Between Adare village and the extensive grounds of Adare Manor, the woodland setting of this 1980s house was perfect - the house was not. Rooms were small, the house poorly insulated, and externally it was unappealing. The clients wanted a nicer looking, traditionally styled, comfortable family home. They wanted space for a car collection, as well as well connected outside space for play areas, barbecues and catching the sun in the south facing rear garden.
The house was one of a group of six known locally as ‘The Glass Houses’. However, this version had less glass and more fair faced block than the others (see ‘Reinvention of the Original’), and the proportions were all wrong - small dormer, low roof pitch, unremarkable entrance. Nonetheless, it was agreed that the existing building would be reused, keeping as many of the window openings as possible.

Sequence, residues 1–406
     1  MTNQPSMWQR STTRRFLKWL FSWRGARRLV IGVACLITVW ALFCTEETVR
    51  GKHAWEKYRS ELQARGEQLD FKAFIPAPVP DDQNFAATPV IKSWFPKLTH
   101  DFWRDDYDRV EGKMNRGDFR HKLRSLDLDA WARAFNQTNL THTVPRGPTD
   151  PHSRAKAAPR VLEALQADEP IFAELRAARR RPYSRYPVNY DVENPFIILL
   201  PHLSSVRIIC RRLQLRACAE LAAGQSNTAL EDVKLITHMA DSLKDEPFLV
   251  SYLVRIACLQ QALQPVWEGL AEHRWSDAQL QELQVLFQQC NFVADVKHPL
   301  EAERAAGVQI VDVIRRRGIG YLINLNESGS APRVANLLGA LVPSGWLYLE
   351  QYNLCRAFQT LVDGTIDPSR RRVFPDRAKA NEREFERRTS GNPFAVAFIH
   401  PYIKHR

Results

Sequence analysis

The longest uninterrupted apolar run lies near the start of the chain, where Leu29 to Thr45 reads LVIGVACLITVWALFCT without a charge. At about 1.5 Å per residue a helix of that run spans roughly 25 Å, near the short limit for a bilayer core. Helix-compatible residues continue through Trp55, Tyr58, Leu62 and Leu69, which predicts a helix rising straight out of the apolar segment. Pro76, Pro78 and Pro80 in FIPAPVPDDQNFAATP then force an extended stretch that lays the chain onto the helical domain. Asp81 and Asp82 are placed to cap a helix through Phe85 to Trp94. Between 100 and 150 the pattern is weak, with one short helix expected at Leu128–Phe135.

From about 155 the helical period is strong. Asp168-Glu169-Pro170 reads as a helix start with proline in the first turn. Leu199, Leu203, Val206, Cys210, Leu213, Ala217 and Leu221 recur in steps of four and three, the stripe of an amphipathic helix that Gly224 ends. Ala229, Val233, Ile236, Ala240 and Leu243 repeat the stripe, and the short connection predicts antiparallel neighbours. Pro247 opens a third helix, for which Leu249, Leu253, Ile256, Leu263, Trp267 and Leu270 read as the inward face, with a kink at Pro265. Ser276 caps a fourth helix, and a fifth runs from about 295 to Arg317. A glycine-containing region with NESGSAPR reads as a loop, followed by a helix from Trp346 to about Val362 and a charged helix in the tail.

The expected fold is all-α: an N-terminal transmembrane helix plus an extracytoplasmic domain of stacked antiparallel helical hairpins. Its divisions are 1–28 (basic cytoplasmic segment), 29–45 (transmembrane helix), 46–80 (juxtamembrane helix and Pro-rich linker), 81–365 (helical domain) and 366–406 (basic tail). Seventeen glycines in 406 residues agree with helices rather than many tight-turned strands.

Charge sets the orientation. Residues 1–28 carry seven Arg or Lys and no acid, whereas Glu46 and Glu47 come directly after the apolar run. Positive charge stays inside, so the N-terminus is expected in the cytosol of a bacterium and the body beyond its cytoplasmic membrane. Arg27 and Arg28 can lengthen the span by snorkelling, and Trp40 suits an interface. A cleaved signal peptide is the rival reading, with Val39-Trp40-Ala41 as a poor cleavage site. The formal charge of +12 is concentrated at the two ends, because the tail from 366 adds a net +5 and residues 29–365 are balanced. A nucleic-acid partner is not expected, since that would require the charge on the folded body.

External insulation was added, which hid the original blockwork and increased the comfort of the house. Limestone plinths, cills and chimney details, as well as an increased roof pitch and overhang make the house feel more ‘grounded’.
Always the place where family and friends gather, the kitchen looks across the seating area, around a cream enamel Jotul stove. The dining area to the right opens onto the south facing patio. With windows on three sides, light at different times of day streams into the space.
From early afternoon onwards, the patio is the place to be. In the background, the garages for the client’s car collection give a sense of enclosure and privacy. A stairs leads up to a gym area on the first floor.
It was difficult to envisage the potential in the original house, but the bones of it can still be seen. It has been transformed into an elegant, inviting home. The entrance is more welcoming, approached by the driveway of multicoloured natural stone setts, which frame the house well. Now the family make the most of the mature grounds around their new house.